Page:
George Raft’s career was well and truly on the downslide when he signed a three-movie deal with Lippert Pictures in the early 50s. The third of these films was the British-Italian-American co-production The Man from Cairo, and it’s rather fun.
French intelligence agents investigating the disappearance of a hoard of government gold during the war keep getting murdered. Finally they assign an American detective to the case, but meanwhile American tourist Mike Canelli (George Raft) finds himself in the middle of conspiracies and counter-conspiracies. It seems that everyone in Algiers wants that gold which is reputed to be somewhere in the desert (the movie should have been called The Man from Algiers but that might have led to confusion with the 1938 drama Algiers).
Needless to say Mike gets mixed up with several dangerous dames along the way. Also involved are an elderly professor, a transport tycoon, a shady night-club owner and the local police captain who may or may not be honest.
George Raft gets to play the two-fisted tough guy that he played so well, Gianna Maria Canale makes a glamorous femme fatale and the supporting cast is generally solid.
With a collection of devious characters chasing a treasure that may or may not exist the plot will remind viewers of The Maltese Falcon, one of the many films George Raft turned down in a career notable mostly for a staggering lack of judgment (he also turned down High Sierra and liked to claim he was the first choice to play Rick in Casablance although the claim seems dubious. John Huston was apparently relieved when he bowed out of The Maltese Falcon, allowing him to go with his own choice, some guy called Humphrey Bogart.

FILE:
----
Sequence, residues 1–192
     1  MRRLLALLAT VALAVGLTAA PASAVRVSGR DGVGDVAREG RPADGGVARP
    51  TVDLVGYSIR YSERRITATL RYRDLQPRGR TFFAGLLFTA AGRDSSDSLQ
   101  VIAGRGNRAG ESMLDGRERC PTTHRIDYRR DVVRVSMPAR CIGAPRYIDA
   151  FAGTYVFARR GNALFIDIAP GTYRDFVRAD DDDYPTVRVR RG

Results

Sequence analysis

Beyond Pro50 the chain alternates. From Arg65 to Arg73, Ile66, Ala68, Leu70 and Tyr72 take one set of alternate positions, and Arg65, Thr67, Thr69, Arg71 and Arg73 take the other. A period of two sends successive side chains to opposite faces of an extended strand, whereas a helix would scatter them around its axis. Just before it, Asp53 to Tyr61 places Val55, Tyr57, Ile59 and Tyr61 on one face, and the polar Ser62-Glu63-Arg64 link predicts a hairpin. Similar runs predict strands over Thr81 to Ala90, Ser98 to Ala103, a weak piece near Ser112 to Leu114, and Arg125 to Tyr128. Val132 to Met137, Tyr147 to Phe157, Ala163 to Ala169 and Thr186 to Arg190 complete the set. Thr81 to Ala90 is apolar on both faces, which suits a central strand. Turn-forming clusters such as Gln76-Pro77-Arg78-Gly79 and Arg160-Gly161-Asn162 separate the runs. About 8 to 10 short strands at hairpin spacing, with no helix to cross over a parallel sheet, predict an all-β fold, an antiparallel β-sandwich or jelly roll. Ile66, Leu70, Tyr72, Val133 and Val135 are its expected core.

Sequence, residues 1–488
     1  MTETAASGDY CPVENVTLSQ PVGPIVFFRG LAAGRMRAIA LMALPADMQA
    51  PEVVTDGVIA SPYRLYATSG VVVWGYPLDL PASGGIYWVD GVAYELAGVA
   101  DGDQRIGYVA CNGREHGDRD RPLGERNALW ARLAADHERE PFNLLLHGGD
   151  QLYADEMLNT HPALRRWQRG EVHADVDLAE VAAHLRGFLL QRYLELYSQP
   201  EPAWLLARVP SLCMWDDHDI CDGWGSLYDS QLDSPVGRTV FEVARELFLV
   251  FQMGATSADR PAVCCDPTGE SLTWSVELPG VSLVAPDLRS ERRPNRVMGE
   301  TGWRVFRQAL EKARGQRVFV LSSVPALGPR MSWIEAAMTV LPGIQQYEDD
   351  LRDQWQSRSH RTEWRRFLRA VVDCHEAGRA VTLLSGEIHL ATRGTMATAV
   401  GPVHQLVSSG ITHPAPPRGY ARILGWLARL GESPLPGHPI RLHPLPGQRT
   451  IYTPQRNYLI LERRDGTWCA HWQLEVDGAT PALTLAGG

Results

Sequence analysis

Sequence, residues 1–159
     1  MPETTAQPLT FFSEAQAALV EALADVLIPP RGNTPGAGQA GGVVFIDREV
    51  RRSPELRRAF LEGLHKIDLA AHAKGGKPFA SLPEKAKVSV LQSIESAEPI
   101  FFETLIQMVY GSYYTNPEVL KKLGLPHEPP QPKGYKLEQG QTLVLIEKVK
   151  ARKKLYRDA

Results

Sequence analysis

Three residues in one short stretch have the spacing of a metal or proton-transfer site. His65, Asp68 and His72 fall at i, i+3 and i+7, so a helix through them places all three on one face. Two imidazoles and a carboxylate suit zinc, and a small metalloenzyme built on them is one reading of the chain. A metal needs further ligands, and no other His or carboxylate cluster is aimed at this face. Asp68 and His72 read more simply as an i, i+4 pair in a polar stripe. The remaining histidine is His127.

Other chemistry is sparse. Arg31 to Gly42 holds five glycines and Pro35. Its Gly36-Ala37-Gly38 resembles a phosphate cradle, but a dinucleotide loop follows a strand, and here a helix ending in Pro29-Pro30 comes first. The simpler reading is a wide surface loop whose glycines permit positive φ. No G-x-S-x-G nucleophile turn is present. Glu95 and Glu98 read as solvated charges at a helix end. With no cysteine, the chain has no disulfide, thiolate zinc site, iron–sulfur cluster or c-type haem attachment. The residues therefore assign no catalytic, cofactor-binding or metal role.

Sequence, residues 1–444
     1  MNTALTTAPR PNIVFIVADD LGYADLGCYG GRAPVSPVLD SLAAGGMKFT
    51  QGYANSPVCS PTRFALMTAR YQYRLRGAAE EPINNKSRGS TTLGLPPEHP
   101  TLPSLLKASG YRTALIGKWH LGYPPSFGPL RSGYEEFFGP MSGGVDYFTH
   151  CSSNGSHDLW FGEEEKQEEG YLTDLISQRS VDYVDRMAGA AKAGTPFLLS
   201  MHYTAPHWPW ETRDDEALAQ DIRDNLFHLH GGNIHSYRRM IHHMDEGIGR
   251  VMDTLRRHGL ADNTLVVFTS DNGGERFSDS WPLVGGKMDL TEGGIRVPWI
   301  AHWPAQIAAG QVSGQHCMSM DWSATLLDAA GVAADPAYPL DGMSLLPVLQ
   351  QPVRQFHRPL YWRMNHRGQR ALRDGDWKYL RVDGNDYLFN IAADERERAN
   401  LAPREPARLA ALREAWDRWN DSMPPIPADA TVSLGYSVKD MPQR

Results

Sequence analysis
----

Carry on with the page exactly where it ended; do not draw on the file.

Raft was a major star long before Bogart but once Bogart established himself at Warner Brothers Raft would remain in his shadow for the rest of his career. I quite like Raft but he’s no Bogart. As several other reviewers have noted this movie would have worked better as a Lemmy Caution movie with the great Eddie Constantine in the lead.
Despite these caveats it’s an entertaining movie in its own right. There’s nothing particularly noir about it, but if The Maltese Falcon can be considered noir (and many people seem to think so) then there’s no reason to exclude The Man from Cairo. It definitely has the femme fatale angle covered.
I have a weakness for noirish crime thrillers in exotic settings so that may be why I’m disposed to cut this movie some slack and recommend it.
The Man from Cairo is included in Kit Parker Films/VCI’s Forgotten Noir series 2 DVD boxed set. It’s a very good transfer and includes a brief documentary on the career of George Raft.